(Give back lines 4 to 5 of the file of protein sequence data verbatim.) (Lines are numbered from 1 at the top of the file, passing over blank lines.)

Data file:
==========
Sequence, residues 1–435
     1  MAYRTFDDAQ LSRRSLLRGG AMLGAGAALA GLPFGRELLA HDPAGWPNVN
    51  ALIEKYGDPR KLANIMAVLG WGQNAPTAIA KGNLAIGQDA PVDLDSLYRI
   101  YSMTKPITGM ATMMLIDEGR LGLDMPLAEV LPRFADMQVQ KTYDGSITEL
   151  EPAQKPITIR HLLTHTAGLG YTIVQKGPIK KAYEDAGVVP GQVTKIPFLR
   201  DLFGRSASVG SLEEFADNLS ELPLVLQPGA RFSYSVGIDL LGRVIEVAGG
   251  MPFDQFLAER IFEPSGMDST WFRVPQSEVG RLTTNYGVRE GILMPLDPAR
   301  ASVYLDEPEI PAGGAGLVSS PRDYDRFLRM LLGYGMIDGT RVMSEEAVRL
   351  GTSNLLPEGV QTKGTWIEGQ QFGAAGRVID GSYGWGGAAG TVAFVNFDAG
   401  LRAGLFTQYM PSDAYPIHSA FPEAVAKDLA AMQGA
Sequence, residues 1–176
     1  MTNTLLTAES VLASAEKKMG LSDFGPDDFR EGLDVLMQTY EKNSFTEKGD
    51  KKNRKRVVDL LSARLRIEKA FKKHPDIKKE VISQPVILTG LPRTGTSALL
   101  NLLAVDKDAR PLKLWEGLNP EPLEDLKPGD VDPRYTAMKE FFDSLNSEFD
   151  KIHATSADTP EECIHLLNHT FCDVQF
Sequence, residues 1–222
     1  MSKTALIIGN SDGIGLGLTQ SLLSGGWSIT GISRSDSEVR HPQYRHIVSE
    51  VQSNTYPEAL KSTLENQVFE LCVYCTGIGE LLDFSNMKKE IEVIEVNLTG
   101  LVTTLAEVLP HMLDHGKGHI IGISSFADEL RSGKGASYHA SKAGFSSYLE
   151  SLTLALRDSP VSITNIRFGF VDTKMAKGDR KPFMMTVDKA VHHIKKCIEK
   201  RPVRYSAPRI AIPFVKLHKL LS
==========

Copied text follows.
   101  YSMTKPITGM ATMMLIDEGR LGLDMPLAEV LPRFADMQVQ KTYDGSITEL
   151  EPAQKPITIR HLLTHTAGLG YTIVQKGPIK KAYEDAGVVP GQVTKIPFLR